Quick stats about the movie
Indigenous music icon Errol ‘C-Weed’ Ranville had his life shattered when he survived a fiery head-on car crash that killed his wife along with four teenagers, giving him a second chance that has lead to an unprecedented creative drive to solidify his legacy and promote reconciliation between Indigenous peoples and Canada.
Writer/producer: Gary Zubeck
Director: Rick Skene
The subject of The Last Ride is Indigenous music icon Errol Ranville, who’s overcome horrific personal tragedy to fulfill an inspired new vision.
One crucial aspect of my vision for the story was to create real emotional impact for the tragic car crash. I felt the best way to achieve that was to replicate the crash and fiery explosion onscreen – old-school, using real cars. The dramatic moment of that horrific, unanticipated split-second when life as we know it shatters completely sets up the emotional context beautifully for the further narrative.
To lift the piece out of the sit-and-chat, talking heads style of documentary filmmaking, I wanted to shoot and employ cinematic transitions like dissolves and super-impositions and other visual effects to underscore the mood and meaning of the story. I feel this not only represents an exciting project from a directing standpoint but it put to work our strengths and resources as a production team. My work in the past directing stunt sequences and car crashes gave me insight and resources that might never otherwise have been available to a smaller project such as this.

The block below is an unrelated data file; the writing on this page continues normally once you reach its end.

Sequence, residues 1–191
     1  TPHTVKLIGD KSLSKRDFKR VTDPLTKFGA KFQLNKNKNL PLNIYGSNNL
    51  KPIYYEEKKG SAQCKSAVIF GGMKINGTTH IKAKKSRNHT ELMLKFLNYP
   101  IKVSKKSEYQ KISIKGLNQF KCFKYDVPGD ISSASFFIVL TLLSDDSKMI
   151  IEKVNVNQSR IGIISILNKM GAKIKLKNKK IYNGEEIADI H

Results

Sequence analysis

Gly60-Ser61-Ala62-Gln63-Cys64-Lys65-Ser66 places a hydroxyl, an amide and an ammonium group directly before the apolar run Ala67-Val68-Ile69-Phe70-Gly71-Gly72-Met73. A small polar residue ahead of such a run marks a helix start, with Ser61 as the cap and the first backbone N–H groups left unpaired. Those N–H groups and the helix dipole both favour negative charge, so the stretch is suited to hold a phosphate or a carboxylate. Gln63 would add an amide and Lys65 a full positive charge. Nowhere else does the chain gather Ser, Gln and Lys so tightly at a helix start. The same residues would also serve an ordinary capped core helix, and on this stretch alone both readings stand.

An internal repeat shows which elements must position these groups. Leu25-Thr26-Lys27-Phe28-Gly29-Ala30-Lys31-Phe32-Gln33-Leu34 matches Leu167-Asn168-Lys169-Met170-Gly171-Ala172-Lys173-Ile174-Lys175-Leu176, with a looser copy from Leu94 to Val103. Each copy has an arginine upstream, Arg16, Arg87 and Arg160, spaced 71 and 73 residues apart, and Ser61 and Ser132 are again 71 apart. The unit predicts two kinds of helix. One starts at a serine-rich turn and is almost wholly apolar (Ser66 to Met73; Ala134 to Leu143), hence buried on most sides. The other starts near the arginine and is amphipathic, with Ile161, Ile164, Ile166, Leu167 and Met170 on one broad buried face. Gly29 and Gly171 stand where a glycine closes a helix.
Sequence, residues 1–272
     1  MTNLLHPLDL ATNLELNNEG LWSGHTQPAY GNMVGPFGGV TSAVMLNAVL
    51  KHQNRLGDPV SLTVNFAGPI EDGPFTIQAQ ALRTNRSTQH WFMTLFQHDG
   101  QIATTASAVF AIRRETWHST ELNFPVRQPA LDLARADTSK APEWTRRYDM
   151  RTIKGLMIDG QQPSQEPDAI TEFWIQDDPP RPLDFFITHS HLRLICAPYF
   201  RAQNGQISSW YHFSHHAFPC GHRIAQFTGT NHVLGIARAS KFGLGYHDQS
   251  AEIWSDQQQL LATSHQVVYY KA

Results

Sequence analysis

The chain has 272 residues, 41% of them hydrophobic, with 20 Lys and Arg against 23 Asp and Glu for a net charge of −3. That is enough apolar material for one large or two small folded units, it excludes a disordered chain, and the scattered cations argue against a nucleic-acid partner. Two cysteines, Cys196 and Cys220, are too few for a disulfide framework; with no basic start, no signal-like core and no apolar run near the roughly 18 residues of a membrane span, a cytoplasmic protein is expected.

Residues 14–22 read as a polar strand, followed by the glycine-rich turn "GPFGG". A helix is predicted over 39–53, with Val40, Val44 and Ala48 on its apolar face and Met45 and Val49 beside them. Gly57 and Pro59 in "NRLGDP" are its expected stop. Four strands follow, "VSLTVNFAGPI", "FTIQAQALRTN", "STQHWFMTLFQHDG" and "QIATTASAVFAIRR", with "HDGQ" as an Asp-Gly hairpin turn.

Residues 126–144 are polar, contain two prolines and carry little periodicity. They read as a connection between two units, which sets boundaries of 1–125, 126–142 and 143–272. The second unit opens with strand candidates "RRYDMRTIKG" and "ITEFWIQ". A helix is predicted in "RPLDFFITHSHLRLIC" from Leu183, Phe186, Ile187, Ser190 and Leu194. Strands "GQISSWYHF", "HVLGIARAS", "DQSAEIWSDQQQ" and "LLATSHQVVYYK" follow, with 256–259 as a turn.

I also wanted to use the recurring image of the crash visuals as a poetic device, employing drop frame and slow-motion stylization to represent that ever-present emotional scar in his life. We play Errol’s own music as the soundtrack to the haunting recurring visuals of the crash as we hear Errol narrate the story and the profound changes it made in his relationships to family and community. We follow his recovery and his choice to heal and help others heal. We see his return to music and creativity, and discover his thoughts reconciling the mystery of life and music.
About Rick Skene
Rick Skene has worked extensively in the film and television industry for over 30 years.
He is the leading stunt coordinator/action sequence director in central Canada with over 175 feature film and series credits. His expertise covers a wide range of stunt work, including car stunts, body burns, wire-work, ratchets, air rams, high falls, fight choreography, etc. He is a highly respected stunt driver and works frequently in this capacity designing and executing major chase/crash sequences.
Rick works as a director/second unit director planning the shots and directing the filming of stunt and fight sequences. He also has an extensive acting resume which includes playing the serial killer lead in Steven C. Miller’s feature film reboot of the horror classic Silent Night.
Rick teaches at the University of Winnipeg’s theatre and film department in the advanced filmmaking program. His lifelong love of documentary filmmaking, combined with the compelling story producer Gary Zubeck first brought forward, caused Rick to jump at the opportunity to direct The Last Ride.